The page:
Philadelphia Appeals Panel Rejects Warrantless GPS Tracking
By Mark Abrams
PHILADELPHIA (CBS) — A federal appeals court in Philadelphia says police can’t attach GPS tracking devices on vehicles of criminal suspects without first getting a warrant.
This case involves the arrest of three brothers in 2010 who were charged in connection with a series of burglaries at Rite Aids in the region.
Police placed a GPS tracking device under the bumper of the van they believed was being used in the burglaries. They used it to find the trio after a burglary at one pharmacy and police stopped them nearby and found pills, cash and items believed taken from the store inside the van.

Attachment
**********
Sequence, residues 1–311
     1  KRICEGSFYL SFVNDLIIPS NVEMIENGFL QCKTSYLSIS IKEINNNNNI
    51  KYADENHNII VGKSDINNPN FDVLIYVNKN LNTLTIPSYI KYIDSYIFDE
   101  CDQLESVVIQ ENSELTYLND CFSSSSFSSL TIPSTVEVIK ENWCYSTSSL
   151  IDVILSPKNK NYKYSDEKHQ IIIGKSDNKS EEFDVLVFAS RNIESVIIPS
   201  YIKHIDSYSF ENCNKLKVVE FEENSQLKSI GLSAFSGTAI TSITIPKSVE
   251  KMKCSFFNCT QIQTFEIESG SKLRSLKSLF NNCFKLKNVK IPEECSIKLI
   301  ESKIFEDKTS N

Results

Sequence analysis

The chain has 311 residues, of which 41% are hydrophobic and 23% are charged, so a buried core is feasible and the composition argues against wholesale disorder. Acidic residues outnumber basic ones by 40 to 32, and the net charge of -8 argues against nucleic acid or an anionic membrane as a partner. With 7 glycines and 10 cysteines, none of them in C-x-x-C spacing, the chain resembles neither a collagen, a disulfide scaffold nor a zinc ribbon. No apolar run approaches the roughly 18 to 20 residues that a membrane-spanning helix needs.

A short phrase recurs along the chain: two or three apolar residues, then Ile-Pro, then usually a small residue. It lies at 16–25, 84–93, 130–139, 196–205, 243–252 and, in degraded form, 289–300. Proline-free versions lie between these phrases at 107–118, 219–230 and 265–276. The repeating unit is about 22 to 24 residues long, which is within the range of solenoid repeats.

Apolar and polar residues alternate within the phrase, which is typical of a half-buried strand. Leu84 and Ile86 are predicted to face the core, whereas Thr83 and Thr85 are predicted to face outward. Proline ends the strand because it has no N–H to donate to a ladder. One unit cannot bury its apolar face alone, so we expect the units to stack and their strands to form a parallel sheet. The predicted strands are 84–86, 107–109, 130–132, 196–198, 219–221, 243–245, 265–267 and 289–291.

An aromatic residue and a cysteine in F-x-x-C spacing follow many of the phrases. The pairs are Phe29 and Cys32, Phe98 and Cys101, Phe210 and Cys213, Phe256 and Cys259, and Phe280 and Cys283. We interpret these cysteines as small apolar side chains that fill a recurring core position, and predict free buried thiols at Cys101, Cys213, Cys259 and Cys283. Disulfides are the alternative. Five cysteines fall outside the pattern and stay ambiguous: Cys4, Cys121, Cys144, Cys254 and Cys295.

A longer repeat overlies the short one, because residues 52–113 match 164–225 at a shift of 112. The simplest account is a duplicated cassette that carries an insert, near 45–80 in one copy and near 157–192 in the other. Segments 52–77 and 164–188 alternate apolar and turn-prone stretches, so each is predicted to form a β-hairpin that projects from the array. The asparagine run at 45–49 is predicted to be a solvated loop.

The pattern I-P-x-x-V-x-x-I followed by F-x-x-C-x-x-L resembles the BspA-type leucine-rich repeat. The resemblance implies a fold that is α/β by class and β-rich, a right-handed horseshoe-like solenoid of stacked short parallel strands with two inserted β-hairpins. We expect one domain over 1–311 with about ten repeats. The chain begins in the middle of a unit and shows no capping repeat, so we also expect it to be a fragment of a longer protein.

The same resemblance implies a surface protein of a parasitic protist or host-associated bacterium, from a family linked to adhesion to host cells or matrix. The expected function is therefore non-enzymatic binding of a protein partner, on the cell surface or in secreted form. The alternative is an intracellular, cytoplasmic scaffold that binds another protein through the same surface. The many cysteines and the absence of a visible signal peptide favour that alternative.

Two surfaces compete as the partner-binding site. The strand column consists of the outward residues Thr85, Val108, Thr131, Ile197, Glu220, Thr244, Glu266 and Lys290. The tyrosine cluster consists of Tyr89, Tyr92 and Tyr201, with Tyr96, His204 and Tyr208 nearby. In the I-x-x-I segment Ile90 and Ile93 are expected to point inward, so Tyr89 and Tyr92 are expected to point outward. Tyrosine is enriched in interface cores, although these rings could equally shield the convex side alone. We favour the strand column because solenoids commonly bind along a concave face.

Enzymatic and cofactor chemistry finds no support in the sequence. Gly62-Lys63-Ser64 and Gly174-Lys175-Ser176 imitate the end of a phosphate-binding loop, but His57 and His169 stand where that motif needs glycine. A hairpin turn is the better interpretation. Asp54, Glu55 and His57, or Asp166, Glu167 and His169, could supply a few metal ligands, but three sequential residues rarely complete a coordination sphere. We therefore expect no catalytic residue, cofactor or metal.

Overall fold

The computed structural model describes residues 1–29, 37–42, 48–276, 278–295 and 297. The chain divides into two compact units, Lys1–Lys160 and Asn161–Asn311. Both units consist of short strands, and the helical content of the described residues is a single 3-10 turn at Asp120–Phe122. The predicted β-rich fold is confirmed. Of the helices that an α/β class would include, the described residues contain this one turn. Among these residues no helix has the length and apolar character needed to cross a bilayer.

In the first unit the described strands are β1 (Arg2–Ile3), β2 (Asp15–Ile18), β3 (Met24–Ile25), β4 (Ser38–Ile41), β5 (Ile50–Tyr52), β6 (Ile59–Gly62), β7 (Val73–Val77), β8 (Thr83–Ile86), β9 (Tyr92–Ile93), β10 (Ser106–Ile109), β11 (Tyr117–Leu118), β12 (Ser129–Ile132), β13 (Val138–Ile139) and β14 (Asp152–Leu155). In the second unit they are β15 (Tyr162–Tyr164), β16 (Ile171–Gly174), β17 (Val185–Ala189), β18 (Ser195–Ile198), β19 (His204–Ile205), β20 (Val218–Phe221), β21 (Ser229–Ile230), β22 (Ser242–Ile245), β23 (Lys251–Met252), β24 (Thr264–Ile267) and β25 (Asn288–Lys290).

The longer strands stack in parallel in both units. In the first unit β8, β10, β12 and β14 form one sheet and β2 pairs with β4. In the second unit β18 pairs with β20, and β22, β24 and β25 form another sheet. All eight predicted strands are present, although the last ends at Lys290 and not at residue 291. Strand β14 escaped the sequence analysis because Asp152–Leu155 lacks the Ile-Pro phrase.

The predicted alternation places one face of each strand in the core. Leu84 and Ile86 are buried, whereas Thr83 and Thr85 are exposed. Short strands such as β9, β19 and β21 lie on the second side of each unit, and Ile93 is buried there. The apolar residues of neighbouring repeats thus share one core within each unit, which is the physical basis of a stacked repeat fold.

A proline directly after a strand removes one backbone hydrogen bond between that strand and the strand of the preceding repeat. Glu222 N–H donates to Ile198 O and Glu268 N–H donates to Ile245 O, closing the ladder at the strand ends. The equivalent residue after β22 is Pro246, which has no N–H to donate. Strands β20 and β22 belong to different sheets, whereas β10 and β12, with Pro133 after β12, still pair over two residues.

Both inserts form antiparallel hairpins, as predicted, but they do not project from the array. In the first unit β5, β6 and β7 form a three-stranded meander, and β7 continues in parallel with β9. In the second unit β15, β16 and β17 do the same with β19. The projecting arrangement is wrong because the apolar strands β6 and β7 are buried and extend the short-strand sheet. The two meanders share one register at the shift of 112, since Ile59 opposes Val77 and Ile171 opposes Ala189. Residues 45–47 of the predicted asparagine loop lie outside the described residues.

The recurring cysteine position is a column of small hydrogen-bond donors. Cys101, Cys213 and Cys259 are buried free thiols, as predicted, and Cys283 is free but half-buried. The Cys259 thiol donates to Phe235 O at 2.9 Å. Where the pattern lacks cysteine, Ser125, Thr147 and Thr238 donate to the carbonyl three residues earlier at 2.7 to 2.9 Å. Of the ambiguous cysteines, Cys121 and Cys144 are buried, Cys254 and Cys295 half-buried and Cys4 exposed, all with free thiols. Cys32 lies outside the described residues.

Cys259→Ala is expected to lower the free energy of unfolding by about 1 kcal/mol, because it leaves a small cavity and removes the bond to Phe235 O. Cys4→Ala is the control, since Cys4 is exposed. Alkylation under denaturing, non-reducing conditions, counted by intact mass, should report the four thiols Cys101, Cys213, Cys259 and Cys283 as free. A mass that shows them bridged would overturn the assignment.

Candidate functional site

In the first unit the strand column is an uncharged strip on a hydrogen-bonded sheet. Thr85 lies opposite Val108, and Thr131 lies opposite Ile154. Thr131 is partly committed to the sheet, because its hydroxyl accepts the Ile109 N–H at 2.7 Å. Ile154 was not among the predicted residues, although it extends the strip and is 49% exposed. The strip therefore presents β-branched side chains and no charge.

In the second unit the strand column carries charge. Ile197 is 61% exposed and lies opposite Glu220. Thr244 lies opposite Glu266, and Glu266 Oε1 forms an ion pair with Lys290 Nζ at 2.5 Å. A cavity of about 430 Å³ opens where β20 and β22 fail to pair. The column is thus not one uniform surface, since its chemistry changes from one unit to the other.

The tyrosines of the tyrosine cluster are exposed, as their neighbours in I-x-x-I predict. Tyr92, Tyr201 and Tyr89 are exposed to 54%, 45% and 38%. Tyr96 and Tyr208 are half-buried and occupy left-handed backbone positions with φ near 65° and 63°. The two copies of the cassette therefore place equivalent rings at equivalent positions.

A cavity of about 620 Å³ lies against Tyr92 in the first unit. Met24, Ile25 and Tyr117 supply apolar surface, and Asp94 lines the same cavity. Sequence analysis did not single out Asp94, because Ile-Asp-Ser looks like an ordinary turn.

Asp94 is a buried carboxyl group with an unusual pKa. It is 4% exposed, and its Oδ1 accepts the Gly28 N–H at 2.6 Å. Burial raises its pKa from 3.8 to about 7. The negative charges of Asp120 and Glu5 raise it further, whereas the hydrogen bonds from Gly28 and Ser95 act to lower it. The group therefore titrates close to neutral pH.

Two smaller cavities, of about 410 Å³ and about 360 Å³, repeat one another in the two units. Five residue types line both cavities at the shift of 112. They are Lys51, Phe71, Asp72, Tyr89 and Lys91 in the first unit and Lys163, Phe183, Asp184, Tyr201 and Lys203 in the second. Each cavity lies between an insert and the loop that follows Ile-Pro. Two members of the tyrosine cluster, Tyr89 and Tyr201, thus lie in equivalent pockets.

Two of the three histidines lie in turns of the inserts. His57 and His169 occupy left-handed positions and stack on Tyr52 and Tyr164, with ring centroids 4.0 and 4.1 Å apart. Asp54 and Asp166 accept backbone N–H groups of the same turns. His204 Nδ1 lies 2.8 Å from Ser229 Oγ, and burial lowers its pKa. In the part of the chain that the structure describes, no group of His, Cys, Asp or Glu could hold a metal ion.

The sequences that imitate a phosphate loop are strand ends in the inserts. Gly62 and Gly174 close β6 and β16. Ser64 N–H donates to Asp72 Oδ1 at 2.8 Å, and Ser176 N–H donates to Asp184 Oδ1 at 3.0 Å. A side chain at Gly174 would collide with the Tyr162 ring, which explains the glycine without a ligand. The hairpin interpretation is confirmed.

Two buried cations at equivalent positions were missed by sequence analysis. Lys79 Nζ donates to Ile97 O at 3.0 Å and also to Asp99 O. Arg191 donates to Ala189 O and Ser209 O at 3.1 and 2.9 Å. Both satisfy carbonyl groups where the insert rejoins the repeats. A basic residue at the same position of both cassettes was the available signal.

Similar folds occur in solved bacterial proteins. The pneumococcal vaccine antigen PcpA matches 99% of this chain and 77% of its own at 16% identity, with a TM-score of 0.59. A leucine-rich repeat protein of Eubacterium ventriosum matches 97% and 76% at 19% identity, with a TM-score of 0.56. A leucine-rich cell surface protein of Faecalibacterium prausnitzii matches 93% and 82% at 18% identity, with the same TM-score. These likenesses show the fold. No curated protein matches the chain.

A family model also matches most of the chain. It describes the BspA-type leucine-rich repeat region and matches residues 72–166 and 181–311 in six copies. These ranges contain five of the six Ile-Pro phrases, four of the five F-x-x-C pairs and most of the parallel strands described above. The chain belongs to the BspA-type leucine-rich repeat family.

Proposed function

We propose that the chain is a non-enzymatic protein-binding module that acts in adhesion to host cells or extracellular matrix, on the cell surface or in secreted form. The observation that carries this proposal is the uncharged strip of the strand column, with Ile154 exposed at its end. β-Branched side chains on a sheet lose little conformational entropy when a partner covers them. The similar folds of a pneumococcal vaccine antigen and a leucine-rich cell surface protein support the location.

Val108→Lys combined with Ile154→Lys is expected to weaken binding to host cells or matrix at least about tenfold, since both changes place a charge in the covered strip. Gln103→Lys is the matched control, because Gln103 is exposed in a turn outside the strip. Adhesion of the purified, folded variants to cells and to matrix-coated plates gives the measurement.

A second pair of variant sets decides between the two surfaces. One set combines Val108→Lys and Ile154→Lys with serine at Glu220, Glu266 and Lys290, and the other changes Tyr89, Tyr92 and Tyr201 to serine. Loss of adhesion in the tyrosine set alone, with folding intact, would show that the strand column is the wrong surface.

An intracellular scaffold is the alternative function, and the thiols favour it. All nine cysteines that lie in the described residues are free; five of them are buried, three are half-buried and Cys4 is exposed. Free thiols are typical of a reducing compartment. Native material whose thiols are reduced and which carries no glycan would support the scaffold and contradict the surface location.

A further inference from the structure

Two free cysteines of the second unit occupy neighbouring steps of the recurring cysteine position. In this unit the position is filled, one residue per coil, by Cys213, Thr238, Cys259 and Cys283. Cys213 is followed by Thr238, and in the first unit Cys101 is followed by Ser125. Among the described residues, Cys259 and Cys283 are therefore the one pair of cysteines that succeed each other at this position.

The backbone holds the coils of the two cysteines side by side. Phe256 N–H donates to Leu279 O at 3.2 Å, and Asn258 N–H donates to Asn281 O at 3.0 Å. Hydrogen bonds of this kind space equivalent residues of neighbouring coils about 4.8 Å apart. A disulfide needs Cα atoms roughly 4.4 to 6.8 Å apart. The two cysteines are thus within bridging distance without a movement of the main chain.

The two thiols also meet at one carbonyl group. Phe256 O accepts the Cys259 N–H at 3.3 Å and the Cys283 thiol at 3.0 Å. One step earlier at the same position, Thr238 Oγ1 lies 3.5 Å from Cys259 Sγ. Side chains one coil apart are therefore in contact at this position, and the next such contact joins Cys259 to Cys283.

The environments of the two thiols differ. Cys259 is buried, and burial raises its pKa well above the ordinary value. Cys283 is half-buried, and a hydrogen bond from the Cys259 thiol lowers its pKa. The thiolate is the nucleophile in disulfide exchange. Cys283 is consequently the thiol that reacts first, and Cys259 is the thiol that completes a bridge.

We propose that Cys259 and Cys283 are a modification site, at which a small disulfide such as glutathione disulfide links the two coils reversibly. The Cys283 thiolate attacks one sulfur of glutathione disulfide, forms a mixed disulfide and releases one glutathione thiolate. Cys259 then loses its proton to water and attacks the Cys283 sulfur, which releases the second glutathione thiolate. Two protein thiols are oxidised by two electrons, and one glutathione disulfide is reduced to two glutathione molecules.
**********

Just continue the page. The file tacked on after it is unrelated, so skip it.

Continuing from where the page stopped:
But the appeals court agreed with a judge’s earlier decision to toss out all the evidence saying police first needed to get a warrant before using the tracking device.
In a 2-1 opinion filed late in October, the court called the GPS device an illegal search.
The three brothers remain free on bail and have pleaded not guilty.
The prosecutor is weighing an appeal. He argues police acted in good faith in using the device and had sufficient evidence the trio was behind the burglaries.